Scientists at Vernadsky Crimean Federal University (CFU) have taken a major step in studying the electrical properties of lithium niobate crystals (LiNbO3), a promising material, widely used in the development of advanced optical and information processing devices.
The study results were published in Physics of the Solid State magazine.
Lithium niobate is an artificially synthesized compound in the form of crystals, which since 1965 and to this day has been of great interest to scientists from all industrialized countries. This is due to the fact that crystals are widely used in devices for processing information and controlling optical flows. Their physical properties can be seriously improved when special impurities are introduced into the crystal (or if their synthesis conditions are changed).
Scientists at the Crimean Federal University, together with their colleagues from the Tananaev Institute of Chemistry and Technology of Rare Elements and Mineral Raw Materials at the Russian Academy of Sciences, have long been advancing a detailed study of the electrical properties of LiNbO3. According to experts, information about them in serious scientific literature is now extremely contradictory.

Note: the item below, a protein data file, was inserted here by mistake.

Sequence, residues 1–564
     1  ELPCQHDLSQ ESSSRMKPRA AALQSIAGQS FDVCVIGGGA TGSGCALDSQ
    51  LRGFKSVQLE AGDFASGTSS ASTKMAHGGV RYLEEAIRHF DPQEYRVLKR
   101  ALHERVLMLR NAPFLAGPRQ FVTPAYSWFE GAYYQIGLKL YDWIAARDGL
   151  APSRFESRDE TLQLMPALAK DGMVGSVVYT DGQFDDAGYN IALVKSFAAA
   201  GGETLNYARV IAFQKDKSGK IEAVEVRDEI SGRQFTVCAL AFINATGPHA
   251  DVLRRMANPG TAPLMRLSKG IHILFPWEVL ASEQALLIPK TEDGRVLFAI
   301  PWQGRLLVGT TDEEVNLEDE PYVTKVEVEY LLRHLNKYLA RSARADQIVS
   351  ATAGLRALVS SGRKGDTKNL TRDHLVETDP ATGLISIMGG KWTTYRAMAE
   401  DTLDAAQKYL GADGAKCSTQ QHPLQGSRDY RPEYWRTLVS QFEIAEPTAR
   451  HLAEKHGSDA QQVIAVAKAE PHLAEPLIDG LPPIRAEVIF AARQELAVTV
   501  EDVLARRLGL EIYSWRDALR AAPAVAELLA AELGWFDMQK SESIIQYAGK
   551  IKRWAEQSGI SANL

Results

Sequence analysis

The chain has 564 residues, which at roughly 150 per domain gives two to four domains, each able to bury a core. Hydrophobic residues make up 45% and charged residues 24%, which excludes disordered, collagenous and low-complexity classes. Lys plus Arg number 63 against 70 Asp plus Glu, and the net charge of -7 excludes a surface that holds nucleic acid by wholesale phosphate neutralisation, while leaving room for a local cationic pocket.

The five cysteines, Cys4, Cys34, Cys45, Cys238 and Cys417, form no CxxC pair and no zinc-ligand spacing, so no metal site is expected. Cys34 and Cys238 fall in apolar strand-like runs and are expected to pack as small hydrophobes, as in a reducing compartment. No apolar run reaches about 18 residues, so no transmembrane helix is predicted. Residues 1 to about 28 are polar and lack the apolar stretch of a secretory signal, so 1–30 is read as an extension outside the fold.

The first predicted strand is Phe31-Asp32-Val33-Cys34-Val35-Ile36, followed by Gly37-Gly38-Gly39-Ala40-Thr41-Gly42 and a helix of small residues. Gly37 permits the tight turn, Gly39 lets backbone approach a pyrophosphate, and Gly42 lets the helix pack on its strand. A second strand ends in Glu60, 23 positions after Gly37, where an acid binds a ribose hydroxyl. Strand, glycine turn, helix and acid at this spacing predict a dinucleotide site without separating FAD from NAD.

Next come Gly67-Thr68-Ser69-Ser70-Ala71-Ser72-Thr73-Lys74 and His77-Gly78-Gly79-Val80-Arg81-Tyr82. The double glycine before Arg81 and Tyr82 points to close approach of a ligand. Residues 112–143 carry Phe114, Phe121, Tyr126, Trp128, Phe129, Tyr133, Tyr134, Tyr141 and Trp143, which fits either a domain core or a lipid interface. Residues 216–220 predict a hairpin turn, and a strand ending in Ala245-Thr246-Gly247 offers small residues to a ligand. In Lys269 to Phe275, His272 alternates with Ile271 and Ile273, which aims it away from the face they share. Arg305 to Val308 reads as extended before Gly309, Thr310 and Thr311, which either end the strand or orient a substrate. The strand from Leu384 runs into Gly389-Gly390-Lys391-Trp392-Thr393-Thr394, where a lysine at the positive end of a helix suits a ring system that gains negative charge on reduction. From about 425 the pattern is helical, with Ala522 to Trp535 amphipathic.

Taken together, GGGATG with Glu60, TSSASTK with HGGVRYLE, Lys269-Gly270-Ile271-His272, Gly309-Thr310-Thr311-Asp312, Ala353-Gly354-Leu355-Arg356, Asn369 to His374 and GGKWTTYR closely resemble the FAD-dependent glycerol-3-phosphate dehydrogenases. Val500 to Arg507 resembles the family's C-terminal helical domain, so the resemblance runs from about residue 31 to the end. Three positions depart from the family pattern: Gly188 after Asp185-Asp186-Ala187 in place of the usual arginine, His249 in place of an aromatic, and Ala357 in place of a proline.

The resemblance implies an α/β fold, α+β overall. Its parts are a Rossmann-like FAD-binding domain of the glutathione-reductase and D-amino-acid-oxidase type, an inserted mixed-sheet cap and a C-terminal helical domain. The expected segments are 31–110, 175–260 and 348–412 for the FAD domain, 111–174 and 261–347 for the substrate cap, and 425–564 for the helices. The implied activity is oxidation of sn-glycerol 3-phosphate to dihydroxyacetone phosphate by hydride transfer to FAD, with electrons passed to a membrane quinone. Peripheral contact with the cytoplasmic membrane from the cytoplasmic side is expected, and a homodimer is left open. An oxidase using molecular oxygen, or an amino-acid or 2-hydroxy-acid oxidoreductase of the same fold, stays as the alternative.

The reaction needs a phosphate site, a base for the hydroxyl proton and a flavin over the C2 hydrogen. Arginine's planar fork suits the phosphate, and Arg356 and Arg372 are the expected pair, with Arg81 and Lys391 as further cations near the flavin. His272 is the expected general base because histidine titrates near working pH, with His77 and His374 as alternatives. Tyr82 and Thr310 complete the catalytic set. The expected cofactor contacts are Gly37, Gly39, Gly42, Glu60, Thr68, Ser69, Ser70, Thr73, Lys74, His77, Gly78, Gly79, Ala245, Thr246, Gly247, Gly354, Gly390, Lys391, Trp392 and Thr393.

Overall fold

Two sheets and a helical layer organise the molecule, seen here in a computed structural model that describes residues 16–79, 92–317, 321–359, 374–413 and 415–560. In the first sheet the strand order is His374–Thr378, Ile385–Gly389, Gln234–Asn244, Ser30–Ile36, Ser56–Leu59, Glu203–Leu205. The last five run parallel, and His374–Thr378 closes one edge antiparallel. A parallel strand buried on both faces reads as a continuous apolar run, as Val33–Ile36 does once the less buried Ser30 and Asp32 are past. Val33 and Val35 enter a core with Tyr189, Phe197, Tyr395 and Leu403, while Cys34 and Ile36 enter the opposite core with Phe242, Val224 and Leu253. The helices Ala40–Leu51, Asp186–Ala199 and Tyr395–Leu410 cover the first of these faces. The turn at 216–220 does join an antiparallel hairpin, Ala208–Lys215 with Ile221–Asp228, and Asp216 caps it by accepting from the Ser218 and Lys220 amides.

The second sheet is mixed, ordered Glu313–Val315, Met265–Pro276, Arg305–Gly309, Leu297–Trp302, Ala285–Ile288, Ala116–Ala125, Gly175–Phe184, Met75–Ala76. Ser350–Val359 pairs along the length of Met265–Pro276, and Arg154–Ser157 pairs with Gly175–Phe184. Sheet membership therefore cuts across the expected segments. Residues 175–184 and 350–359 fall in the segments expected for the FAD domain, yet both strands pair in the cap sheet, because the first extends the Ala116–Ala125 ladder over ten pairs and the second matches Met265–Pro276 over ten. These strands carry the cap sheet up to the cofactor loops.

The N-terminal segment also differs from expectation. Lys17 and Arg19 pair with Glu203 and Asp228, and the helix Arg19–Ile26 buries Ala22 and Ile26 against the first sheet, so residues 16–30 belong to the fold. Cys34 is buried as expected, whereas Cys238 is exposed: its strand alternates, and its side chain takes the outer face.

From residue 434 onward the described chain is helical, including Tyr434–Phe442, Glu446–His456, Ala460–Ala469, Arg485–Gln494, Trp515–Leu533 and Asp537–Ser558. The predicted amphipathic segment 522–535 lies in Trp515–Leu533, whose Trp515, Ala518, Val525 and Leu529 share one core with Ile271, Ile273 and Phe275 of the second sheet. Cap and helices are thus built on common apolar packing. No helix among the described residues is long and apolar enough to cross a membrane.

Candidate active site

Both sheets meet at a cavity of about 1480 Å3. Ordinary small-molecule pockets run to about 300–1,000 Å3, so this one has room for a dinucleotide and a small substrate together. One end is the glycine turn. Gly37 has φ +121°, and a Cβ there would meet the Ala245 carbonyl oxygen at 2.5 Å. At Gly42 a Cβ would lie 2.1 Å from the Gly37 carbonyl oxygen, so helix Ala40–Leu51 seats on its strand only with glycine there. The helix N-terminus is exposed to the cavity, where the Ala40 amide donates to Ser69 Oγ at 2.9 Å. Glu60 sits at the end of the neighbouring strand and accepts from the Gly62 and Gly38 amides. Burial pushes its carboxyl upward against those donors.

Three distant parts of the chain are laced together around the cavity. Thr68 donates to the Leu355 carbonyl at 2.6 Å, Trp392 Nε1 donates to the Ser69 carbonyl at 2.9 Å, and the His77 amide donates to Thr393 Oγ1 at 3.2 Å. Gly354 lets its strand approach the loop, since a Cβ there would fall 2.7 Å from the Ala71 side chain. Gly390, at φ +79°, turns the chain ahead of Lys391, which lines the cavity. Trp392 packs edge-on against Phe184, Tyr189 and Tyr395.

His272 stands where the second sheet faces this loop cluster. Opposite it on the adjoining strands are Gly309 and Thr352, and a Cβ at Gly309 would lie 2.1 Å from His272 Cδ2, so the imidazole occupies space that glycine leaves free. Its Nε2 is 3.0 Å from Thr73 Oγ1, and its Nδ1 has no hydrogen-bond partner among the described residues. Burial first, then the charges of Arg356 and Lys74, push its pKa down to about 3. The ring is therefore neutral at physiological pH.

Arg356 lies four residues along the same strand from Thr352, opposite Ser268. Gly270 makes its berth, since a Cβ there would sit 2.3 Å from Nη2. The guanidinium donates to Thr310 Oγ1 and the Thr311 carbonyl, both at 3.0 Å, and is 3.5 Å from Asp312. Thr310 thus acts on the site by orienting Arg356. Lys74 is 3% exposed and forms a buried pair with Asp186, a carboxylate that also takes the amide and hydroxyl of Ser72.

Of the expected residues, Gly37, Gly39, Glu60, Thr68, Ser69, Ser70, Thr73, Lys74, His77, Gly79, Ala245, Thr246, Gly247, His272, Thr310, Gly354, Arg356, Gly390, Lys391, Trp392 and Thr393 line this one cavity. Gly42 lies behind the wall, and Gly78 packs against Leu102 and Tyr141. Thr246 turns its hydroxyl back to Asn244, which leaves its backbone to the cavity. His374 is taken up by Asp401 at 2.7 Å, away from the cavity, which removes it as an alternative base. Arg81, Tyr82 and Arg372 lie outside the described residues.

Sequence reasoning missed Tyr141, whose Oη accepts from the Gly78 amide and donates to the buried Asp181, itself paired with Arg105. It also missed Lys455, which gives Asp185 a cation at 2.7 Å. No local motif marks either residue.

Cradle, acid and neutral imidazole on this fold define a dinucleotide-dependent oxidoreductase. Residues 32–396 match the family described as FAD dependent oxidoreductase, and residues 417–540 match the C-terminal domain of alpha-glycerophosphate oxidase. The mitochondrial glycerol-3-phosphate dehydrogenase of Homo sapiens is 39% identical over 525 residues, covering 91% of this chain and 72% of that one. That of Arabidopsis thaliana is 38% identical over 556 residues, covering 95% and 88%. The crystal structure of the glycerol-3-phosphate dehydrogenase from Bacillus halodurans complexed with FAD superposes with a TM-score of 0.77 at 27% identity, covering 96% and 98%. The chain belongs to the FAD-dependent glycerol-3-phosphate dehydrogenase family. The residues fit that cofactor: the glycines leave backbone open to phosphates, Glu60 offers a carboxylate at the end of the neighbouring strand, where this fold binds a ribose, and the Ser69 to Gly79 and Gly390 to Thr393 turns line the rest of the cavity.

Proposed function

It is this “gaping void” that Russian experts have decided to fill, having discovered that crystals grown at room temperature from a melt with a potassium oxide flux have a significantly greater electrical resistance than ordinary crystals.
According to the researcher, the study results open up possibilities for scientists to work with such objects more meaningfully and effectively. The CFU scientists are currently studying the electrical properties of crystals with impurities of iron, zinc, and magnesium.